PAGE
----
Tobie Blanchard, Guidry, Kurt M.
News Release Distributed 07/20/09
BATON ROUGE, La. – Three loan and grant programs are assisting farmers and agribusinesses affected by hurricanes Gustav and Ike and aquaculture producers facing high feed costs.
The first of these programs offers low-interest loans with a grant component to producers who suffered at least $10,000 worth of damages from the 2008 hurricanes.
According to LSU AgCenter economist Dr. Kurt Guidry, damages can be associated with revenue reductions because of yield or quality losses, as well as production and marketing cost increases and infrastructure damage.
“Increased cost of production has to be directly attributable to the hurricanes,” Guidry said. “Increase in fuel costs following the hurricanes is not eligible.”
Producers can get five-year loans at 1.5 percent interest, and if they pay off the loan on time, the fifth year would be considered a grant they would not have to pay back.
The Louisiana Department of Agriculture and Forestry is administering the loans, and growers will face limitations on how they can use the money.
“The money must be used for the 2009 cost of production or on carryover cost of production from 2008,” Guidry explained. “Growers cannot use the money to pay of fixed loans.”
Growers can get up to $100,000 through this loan program.
The second program is simply a low-interest loan available to agribusinesses that suffered losses because of the hurricanes.
“Agribusinesses must have damages of at least $10,000 and have a 20 percent decline in gross revenue in 2008 as compared to 2006 and 2007,” Guidry said.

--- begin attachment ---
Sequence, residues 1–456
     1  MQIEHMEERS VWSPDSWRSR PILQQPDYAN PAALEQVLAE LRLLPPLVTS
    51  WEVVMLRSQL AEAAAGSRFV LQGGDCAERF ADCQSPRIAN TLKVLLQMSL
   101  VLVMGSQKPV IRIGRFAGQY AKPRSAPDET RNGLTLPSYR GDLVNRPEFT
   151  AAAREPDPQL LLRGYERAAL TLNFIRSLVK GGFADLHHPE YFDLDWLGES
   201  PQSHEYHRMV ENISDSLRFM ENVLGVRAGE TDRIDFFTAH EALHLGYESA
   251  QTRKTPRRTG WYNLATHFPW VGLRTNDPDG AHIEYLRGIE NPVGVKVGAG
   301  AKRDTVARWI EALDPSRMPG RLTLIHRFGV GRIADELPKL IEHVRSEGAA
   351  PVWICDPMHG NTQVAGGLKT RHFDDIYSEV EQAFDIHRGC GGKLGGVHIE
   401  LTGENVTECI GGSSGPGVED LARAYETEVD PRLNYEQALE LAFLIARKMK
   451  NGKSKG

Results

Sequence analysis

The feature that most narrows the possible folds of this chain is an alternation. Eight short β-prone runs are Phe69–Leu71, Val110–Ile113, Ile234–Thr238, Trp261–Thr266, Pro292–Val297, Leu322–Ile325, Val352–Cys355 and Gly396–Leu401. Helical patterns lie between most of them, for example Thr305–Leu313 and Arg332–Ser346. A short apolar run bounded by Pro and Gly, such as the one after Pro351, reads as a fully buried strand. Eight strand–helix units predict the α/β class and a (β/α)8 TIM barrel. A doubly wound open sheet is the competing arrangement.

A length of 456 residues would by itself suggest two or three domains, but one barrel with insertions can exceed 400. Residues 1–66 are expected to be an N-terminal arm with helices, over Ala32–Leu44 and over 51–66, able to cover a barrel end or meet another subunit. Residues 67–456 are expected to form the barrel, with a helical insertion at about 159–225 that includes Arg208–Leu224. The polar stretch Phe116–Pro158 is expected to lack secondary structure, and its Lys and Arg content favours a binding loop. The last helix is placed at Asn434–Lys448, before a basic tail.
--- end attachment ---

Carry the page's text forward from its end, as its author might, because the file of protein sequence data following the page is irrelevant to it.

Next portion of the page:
Eligible businesses can receive up to $250,000 and have more flexibility in how they can use the money.
“This money can be used to refinance high-interest debt,” the economist said.
Both programs are accepting applications now through August 21, 2009. Producers interested in participating must complete an application and submit it to a Louisiana agriculture department regional office.
A third program provides a grant for aquaculture producers to help offset the high cost of feed in 2008, Guidry said.
The money for this program comes from the American Recovery and Reinvestment Act of 2009, and, according to Guidry, 40 states applied for and received money.
“Louisiana was the fourth-largest recipient,” Guidry said. “We got around $2.5 million.”
Farmers producing baitfish, catfish, crawfish, tilapia and turtles may be eligible, but they must show that in 2008 their feed cost was 25 percent higher than their average feed costs over the previous five years, he said.
Producers can receive up to $100,000.
Aquaculture producers hoping to take advantage of this program must apply by August 13, 2009. Applications are due to the Louisiana Department of Agriculture and Forestry.